Data from the Office of National Statistics in the UK shows a total of 15 deaths from Covid from March 2020 to May 2021 in those 14 and under from a population of 10.5 million.

Prof Adam Finn, who sits on the UK’s Joint Committee on Vaccination and Immunisation, said that “one of the few good things about this pandemic is children are very rarely seriously affected by this infection”.

If the risk of harm to children from Covid is very low, then any risks from any vaccine being offered to that age-group must be carefully examined.

There are a number of worrying aspects in the FDA factsheet which gives details from the US Pfizer trial in around 1000 12–15-year-olds.

First, the group were only followed for 2 months, so we have no information about anything except very short-term adverse effects. Secondly, 30 fewer children received the second dose. No explanation is given for this.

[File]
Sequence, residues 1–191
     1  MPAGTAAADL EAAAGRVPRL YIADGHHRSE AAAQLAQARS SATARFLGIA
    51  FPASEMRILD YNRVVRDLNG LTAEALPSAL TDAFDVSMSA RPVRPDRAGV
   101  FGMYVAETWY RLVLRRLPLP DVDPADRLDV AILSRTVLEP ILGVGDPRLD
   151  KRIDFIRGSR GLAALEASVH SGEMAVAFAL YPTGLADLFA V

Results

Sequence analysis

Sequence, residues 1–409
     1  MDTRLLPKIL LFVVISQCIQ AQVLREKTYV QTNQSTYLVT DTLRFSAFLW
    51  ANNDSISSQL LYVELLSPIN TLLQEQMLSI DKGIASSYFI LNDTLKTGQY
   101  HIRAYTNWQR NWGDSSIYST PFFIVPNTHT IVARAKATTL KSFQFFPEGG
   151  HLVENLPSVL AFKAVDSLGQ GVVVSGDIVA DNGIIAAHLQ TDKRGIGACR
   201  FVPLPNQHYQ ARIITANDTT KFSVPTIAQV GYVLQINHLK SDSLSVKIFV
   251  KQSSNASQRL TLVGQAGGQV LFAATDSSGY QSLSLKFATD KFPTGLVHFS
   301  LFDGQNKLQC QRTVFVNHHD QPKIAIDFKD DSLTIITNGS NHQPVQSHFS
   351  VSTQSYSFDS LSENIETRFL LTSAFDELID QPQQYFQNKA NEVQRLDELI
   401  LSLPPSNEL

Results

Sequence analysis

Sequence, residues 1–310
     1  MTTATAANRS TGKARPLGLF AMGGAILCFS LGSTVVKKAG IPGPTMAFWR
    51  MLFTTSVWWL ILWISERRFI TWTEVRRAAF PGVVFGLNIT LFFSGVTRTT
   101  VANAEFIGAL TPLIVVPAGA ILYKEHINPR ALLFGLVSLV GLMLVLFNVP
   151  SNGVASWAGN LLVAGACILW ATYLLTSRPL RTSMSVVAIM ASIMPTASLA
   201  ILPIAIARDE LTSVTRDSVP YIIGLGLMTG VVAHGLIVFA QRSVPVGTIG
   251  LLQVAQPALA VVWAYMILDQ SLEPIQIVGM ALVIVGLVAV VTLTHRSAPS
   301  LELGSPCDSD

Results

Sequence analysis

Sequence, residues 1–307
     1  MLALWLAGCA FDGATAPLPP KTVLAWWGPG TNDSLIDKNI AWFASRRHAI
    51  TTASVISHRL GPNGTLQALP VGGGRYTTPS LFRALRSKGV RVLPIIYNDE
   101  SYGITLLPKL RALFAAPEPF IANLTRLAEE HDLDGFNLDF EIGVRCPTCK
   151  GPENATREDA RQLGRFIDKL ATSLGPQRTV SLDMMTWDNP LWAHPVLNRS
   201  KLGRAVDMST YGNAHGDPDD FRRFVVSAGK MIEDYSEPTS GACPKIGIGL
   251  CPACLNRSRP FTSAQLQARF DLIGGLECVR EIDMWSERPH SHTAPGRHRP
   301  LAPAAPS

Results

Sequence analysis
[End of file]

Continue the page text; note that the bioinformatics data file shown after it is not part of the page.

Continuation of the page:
0.4% of the vaccinated group suffered a “serious adverse effect” versus 0.1% of the placebo group. No detail is given as to the nature of these adverse events. Their description in that factsheet of a “serious adverse event” is that it includes death, a life-threatening event, hospitalisation and persistent or permanent incapacity. It sounds like a small percentage – and it is – but for context, if all the under 14s in that 10.5 million population in the UK were vaccinated, we could expect 4200 “serious adverse effects” were that percentage to hold.

As the vaccines are licenced under an EUA (Emergency Use Authorisation) we do not know the medium or long-term safety data for them yet. The notion of putting a child at risk for some theoretical benefit to others disturbs me greatly.

A retired pediatrician told GB News yesterday that all medication had the potential for side-effects – and that because Covid-19 generally produced mild effects in children, while also seeming to produce worse side effects in that age group, consideration needed to be given to whether the vaccine side-effects are more than that of the disease itself.